Other more typical stores like Hollister and Toys “R” Us filled the rest of the mall, alongside other worldwide brands I was unfamiliar with. Aside from buying my camera at the tech chain Fortress, I ended up grabbing a Star Wars shirt from Uniqlo and a chicken sandwich from McDonald’s. But it wasn’t just any chicken sandwich; it was one of the best fast food sandwiches I’ve sunk my teeth into. It was a fried chicken patty topped with grilled onions, a thick, juicy pineapple ring, jalapenos, and tomato jalapeno relish. It was the perfect combination of sweet and spicy, with both a nice crunch from the chicken and juiciness from the pineapple. It was incredible, and the combo with fries and a drink was only $5.50 USD.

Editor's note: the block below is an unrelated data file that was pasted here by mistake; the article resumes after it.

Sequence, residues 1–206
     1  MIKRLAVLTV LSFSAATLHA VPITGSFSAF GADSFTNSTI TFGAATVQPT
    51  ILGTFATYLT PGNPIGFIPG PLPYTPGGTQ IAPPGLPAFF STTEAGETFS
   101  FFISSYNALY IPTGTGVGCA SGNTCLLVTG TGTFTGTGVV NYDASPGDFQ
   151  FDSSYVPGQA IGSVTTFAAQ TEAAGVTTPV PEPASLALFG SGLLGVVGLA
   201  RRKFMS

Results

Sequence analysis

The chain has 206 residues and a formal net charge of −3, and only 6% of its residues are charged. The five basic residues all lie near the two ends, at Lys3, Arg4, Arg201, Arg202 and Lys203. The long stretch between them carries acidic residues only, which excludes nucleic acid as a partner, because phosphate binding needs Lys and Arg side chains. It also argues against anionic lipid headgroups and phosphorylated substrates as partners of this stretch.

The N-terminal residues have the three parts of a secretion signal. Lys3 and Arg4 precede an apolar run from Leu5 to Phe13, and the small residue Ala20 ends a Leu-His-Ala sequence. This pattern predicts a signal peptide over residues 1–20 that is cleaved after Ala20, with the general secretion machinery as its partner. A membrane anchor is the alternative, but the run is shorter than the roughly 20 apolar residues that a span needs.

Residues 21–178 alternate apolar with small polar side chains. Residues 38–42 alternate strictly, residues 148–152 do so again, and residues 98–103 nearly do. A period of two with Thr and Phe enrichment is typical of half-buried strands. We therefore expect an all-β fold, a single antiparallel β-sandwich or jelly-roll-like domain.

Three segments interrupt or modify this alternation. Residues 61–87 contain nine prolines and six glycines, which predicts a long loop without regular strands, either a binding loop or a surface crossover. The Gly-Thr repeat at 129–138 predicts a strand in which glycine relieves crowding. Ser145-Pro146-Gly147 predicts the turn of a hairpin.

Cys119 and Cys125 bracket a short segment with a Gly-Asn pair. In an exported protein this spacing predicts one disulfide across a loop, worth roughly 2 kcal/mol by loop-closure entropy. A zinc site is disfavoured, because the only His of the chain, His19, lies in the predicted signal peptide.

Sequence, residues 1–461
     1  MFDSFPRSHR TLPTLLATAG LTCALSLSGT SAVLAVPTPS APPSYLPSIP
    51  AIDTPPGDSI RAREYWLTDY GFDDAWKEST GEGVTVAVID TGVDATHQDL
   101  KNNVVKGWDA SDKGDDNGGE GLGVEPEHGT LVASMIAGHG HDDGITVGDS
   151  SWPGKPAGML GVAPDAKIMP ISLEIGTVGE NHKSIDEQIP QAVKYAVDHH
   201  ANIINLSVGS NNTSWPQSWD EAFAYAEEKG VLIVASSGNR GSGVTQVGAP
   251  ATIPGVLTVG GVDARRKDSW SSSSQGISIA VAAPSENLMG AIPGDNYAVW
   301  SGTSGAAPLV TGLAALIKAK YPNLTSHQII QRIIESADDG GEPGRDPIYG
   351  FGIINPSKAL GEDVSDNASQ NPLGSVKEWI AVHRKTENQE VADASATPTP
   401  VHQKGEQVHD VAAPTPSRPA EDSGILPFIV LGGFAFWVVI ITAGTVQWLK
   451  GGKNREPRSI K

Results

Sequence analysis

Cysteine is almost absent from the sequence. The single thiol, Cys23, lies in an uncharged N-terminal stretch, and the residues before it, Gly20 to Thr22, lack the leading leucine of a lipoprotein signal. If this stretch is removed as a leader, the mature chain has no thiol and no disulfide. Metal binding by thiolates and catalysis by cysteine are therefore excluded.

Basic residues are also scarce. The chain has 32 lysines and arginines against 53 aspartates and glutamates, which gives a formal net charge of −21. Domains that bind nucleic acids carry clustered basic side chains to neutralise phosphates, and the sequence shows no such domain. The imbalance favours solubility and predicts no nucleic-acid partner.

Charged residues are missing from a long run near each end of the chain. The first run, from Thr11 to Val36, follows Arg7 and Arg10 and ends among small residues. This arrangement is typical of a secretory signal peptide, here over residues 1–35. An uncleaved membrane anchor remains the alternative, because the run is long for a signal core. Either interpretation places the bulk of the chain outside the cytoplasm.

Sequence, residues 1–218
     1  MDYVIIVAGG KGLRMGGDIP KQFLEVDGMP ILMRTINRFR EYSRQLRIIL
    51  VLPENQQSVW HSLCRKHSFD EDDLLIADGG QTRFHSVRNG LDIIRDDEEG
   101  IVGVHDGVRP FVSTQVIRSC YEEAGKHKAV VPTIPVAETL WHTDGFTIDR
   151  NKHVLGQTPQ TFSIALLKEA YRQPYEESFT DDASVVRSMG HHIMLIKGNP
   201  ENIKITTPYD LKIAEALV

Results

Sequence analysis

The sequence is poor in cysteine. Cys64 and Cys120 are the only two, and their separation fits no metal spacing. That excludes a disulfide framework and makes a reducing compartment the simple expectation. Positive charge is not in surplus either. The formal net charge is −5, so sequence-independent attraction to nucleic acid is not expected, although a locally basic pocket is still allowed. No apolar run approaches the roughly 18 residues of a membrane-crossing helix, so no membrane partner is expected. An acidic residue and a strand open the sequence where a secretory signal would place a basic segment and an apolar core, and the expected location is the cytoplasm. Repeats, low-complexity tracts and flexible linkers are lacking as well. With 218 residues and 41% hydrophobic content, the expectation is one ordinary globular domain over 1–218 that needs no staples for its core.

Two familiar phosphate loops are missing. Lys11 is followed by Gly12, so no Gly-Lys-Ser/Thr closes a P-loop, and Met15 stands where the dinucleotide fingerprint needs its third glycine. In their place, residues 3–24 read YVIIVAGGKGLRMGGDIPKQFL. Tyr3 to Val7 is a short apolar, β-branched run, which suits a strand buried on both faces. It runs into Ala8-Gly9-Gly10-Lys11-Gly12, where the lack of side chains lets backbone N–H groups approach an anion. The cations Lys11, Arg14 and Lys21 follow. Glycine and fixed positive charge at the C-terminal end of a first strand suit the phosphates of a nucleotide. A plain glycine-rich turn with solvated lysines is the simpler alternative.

While at McDonald’s, I learned something new about Hong Kong: it’s expected that if you see an open seat, you take it, even if it means sitting next to one or more strangers. I wandered around for several minutes trying to find a seat until one of the workers basically told me to sit down at a two-seater table with another patron. It felt a little awkward, since it goes completely against what I’m used to, but I’ll get used to it.
Also, I haven’t mentioned this yet, but you don’t take your tray to the trash at fast food restaurants here: there’s usually a worker whose job is to keep the eating area clean, including disposing of your food and cleaning off the tray when you’re done eating. Getting up and leaving my tray sets off about a thousand flashing red alarms in my head, especially as a former fast food worker who despised that very action. But it’s just the norm here.